As for hobbies and this and that people constantly say well you haven't tried it so you don't know, but for someone that truly knows themselves that is untrue. I know and knew that rugby is not for me, especially quadriplegic rugby where no matter how much I practice, work I will always be a 1 point , Basically a pylon for low cervical injuries or incomplete injuries that Will actually show great im provement's from practising, That's not sport to me. But it's the only sport that's within my individual disabilities parameters, I looked into and tried the hand cycling of course my goddamn right arm can't sustain anything like that even with the electrical assisted, it's hard to explain but my right shoulder is literally not even in the joint properly,and lacks the stabilizing muscles so after two minutes is in pain which I can tolerate for a time but the grinding and obvious unnatural motions will do damage the upper body FES even gives me trouble. The inability to pronate my right arm also causes major problems for any of these activities that is one of the smallest functions that I put so much effort into recovering with no luck you think pronation doesn't mean anything well I can assure you when it comes to arm and hand function every little Flickr even 2% tricep function is night and day. my life would be very different if I had the same function as my left arm far from truly independent but different for sure. Having said that, again all of this is illrelevant because as it stands with how I am I need someone to help me transfer to and from the bike, wheelchair and help me with various other things throughout the day, caregivers don't come to do that, I can't nor would expect my mom to do that and everything else she already has to do. And I don't have the money to pay for everything plus a DSW to help me with activities and take me out!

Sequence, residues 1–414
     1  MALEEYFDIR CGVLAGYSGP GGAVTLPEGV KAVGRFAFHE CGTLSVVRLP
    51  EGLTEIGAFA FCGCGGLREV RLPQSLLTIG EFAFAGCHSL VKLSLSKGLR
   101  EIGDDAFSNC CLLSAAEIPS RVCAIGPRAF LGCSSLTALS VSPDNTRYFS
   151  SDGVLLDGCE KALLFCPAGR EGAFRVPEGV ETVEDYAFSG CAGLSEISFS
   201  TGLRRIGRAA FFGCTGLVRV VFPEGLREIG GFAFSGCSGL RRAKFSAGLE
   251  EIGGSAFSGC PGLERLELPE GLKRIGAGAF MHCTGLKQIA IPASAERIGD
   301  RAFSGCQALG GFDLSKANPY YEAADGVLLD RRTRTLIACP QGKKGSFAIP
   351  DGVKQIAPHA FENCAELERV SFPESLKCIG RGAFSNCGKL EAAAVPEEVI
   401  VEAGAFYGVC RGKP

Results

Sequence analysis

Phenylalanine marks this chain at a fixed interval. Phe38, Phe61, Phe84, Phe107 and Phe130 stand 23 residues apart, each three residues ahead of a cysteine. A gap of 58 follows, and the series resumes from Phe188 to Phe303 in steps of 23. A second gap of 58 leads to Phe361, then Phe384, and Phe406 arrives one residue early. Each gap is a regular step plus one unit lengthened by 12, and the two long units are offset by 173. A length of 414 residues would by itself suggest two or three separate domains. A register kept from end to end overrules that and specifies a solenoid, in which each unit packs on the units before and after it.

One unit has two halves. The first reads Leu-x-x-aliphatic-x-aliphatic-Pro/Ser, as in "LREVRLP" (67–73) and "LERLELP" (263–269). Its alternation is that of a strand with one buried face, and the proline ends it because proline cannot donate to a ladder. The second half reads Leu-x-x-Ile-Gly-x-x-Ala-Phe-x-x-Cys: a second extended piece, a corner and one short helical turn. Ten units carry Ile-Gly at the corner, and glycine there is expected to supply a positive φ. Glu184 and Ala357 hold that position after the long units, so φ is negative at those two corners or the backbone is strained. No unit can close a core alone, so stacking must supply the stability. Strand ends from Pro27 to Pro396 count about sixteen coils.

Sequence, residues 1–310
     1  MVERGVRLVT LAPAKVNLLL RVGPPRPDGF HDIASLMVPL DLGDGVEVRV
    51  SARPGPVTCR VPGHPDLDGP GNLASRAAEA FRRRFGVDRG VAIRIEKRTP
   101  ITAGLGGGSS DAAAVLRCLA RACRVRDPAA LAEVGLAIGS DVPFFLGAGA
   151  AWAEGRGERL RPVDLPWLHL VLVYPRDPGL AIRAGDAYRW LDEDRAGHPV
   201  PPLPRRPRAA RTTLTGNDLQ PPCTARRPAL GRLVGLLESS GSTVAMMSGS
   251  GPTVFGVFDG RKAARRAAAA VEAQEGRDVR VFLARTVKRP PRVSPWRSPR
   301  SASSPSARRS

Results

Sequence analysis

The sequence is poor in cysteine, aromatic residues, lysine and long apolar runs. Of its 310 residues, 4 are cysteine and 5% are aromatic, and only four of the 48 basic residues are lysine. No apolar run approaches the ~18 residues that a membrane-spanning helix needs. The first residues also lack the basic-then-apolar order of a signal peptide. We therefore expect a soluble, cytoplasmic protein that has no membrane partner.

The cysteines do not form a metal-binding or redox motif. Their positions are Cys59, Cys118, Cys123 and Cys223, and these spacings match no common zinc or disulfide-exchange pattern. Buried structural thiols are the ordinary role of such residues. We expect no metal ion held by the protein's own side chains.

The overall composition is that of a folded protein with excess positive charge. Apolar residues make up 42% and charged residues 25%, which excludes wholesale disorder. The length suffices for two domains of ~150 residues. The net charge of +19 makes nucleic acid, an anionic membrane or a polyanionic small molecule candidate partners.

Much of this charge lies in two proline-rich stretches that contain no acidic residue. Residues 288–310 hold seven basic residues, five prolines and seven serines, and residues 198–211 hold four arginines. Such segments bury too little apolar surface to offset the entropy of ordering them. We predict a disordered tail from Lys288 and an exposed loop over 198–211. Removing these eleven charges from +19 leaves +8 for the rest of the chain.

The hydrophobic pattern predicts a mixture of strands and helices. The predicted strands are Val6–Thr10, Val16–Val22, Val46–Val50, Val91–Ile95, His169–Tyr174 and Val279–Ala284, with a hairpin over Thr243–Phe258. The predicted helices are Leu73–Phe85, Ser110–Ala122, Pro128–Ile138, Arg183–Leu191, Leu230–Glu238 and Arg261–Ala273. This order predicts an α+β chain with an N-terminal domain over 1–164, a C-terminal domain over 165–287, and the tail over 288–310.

And like you explained I can't really afford to go to concerts/ shows all the time ( which are the best most realistic options for me to do now), although sometimes I usually do when I shouldn't, not a huge sports fan but again too expensive, and I don't really have anyone to go to the bar, restaurant, or movie theatre on a regular basis anyways.

    I'm not making excuses this is the reality, so what I am trying to do, is regain the ability to be able to do these kind of things on my own, be able to do something without having to rely on somebody else because they all have their own schedule can't expect someone to be there on a regular basis or preferably on a daily basis to go for a bike ride together and help me in, hit up the show, go to a restaurant, go to the gym etc. I understand this is hard for a few incompletes/ low cervical or paraplegics understand but you can pretty much handle everything on your own, you just throw yourself in whatever you need to, open your own doors, roll over a few steps, you need to grab something you grab something, drop something you pick it up ( uncountable other examples ) you likely don't run into things were a spasm put you in a position where you can't drive your chair,or worse completely fall out of it like a limp noodle turned into a fish out of water, have a full leg bag you can't drain, have dysreflexia that you can't diagnose or resolve,can't even get to your meds/ tools in your backpack etc etc.